Central Asia is the core region of the Asian continent and stretches from the Caspian Sea in the west to China in the east and from Afghanistan in the south to Russia in the north. It is also sometimes referred to as Middle Asia, and, colloquially, "the 'stans" (as the five countries generally considered to be within the region all have names ending with the Persian suffix "-stan", meaning "land of") and is within the scope of the wider Eurasian continent.
In modern contexts, all definitions of Central Asia include these five republics of the former Soviet Union: Kazakhstan (pop. 16.6 million), Kyrgyzstan (5.5 million), Tajikistan (7.6 million), Turkmenistan (5.1 million), and Uzbekistan (29.5 million), for a total population of 64.7 million as of 2012. Other areas sometimes included are Afghanistan, Mongolia, eastern Iran, and northwestern Pakistan, and sometimes Xinjiang and Tibet in western China, the Kashmir region of northern India and northern Pakistan, and southern Siberia in southern Russia.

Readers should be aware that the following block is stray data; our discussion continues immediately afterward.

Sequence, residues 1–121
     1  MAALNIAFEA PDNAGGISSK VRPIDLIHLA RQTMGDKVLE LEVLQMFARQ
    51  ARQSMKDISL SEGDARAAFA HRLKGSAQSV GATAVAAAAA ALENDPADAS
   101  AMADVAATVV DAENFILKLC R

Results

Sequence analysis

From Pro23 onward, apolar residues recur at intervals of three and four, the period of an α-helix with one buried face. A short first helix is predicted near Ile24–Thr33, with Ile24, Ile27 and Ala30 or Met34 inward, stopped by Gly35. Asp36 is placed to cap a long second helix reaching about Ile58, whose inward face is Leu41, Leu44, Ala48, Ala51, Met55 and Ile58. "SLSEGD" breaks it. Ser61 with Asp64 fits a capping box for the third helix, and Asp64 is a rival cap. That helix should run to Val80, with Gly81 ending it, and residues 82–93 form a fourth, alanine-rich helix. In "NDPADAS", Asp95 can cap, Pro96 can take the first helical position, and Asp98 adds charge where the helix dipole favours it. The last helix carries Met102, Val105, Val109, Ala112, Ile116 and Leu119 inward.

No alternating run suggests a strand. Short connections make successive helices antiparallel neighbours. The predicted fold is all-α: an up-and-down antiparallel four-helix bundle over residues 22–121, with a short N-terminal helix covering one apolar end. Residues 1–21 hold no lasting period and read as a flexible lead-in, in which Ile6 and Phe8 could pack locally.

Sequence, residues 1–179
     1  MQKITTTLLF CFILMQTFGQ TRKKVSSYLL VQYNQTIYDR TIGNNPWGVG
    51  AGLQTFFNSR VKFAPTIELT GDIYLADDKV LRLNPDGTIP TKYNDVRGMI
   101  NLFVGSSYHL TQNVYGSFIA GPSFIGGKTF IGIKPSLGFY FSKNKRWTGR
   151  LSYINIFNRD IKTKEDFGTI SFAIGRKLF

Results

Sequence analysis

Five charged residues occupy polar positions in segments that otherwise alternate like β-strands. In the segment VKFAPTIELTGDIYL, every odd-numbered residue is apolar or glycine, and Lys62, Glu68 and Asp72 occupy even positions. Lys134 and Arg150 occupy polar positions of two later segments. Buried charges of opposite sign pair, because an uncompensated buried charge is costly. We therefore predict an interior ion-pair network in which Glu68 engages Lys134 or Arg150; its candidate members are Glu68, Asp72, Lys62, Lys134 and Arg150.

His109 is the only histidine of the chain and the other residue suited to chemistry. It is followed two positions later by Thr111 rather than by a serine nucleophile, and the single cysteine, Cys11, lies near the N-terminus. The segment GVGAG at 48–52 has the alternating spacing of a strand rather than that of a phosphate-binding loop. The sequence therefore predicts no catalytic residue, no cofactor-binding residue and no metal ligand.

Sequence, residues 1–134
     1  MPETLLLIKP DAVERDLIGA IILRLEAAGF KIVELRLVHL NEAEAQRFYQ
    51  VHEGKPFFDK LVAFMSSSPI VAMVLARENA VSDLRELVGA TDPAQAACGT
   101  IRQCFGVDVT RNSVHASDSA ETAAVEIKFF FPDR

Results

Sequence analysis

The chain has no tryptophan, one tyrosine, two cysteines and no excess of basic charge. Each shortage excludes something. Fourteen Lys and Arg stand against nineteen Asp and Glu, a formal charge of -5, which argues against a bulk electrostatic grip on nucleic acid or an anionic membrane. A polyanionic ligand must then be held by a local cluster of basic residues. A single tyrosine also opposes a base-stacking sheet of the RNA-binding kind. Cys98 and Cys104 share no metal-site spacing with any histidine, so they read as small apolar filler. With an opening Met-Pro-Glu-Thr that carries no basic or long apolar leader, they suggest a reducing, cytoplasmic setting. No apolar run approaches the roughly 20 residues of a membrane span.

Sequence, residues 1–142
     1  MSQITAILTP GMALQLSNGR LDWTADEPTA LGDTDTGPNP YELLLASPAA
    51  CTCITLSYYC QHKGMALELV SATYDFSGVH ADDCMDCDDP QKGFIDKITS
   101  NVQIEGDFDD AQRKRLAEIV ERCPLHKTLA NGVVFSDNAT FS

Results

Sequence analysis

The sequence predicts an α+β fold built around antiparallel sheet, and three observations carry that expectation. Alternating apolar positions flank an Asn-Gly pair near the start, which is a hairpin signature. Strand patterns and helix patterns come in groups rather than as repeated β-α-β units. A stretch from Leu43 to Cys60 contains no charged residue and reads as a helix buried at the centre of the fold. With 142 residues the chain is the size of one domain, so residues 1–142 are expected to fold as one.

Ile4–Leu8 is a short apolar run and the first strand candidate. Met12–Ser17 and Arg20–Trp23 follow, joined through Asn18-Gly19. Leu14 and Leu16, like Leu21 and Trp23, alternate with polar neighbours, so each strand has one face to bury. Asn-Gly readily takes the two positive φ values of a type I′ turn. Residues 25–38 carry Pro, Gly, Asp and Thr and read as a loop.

Various definitions of its exact composition exist, and no one definition is universally accepted. Despite this uncertainty in defining borders, it does have some important overall characteristics. For one, Central Asia has historically been closely tied to its nomadic peoples and the Silk Road. As a result, it has acted as a crossroads for the movement of people, goods, and ideas between Europe, West Asia, South Asia, and East Asia.
Mongolia i// (Mongolian: Монгол улс (help·info)) is a landlocked country in East and Central Asia. It borders Russia to the north and China to the south, east and west. Ulan Bator, the capital and largest city, is home to about 45% of the population. Mongolia's political system is a parliamentary republic.